Receiving a college education is a big deal, and can help improve your opportunities later in life. For most people, the benefits of receiving a college education far outweigh the costs, which is an example of consumer surplus. This post goes over the economics of calculating consumer surplus using the market for College Education as an example.
We can start with our typical supply and demand graph focusing on the market for college education. We can find equilibrium by locating where supply and demand intersect, and following this point to the axis to figure out equilibrium price and quantity. You can see an example of this in the graph to the right.
Now we need to find the total difference between each consumer’s willingness to pay for college education and the price that they actually have to pay (market equilibrium). Since the demand curve is a straight line, we can calculate the area below the demand curve and above the equilibrium price by using the area of a triangle formula.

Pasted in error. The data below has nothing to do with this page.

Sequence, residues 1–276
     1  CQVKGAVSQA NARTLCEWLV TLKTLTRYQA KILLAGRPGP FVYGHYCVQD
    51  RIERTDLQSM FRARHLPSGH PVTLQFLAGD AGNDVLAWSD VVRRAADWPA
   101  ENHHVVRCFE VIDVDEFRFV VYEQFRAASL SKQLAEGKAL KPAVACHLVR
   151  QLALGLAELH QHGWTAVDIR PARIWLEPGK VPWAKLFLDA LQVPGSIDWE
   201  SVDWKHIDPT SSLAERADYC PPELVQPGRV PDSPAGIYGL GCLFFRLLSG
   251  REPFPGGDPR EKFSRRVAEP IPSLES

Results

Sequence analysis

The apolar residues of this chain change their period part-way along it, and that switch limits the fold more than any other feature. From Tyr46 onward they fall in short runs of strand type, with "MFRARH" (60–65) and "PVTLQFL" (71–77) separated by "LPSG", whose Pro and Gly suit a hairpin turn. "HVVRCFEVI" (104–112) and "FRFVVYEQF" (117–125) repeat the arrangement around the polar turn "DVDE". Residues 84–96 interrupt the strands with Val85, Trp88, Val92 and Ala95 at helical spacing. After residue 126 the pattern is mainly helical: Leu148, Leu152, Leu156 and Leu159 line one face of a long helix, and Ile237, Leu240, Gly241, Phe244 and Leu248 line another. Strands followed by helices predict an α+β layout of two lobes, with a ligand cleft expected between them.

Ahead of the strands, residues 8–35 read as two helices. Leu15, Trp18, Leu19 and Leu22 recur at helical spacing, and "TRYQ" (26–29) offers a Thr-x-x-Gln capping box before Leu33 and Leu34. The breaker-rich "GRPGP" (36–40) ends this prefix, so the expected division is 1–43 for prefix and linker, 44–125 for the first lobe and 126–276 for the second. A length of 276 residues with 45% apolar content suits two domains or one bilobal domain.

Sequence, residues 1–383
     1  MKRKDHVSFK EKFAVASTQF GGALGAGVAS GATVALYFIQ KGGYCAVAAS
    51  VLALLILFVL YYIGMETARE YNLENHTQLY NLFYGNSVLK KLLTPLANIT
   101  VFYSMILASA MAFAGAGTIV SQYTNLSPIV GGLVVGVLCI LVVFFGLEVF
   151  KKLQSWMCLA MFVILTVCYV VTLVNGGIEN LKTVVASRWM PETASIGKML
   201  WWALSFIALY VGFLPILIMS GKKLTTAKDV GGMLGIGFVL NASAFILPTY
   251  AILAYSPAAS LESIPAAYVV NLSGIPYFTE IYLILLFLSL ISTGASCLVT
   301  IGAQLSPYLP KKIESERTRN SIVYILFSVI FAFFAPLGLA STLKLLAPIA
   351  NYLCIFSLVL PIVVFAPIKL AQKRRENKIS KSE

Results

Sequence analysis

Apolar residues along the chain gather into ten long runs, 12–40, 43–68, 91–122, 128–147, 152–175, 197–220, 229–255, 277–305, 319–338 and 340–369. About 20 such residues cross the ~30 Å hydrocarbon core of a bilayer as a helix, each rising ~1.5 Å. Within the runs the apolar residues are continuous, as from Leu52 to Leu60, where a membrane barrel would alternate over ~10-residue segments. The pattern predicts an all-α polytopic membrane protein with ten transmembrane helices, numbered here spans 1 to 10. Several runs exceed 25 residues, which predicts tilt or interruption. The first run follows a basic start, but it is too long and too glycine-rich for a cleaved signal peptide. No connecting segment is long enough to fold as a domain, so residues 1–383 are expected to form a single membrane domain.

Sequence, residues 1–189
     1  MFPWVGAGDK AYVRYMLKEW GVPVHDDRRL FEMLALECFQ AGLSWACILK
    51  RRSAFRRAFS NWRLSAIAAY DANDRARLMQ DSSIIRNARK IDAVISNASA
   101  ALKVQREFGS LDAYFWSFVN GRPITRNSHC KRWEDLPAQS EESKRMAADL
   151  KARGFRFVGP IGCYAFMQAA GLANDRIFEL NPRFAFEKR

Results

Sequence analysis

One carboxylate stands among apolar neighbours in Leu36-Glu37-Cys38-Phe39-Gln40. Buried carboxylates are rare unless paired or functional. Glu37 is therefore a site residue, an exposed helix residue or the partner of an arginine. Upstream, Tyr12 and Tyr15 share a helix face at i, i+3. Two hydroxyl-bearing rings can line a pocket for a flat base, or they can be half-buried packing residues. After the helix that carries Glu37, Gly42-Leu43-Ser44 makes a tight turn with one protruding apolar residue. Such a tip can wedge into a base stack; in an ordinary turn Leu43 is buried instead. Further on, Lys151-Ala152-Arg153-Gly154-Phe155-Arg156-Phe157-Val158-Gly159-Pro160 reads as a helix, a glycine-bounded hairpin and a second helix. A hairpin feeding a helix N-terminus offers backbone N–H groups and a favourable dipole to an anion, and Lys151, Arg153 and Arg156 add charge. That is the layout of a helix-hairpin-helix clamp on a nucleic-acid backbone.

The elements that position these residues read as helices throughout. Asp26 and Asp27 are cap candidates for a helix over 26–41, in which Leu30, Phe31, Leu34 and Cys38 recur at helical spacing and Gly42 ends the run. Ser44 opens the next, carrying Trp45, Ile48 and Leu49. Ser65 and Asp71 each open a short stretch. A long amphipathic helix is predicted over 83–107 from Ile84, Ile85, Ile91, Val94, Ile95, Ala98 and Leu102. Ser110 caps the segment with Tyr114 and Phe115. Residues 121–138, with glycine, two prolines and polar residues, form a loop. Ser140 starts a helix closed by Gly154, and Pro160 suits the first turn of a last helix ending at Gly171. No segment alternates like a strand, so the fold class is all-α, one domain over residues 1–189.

In this example, the height of the triangle is going to be the difference between the intercept of the demand curve with price (2700) and the market price (1500) times the quantity being purchased (1200) all times ½ because it is a triangle. This gives us:
!/2(1200*1200) or 720,000 as our consumer surplus.
This means that each individual student gets more benefit from having a college education than the amount they have to pay for it (except for that very last student located at the equilibrium point). This means that a typical student taking graphic design classes is receiving a much higher benefit in terms of future value the cost being paid from his pocket.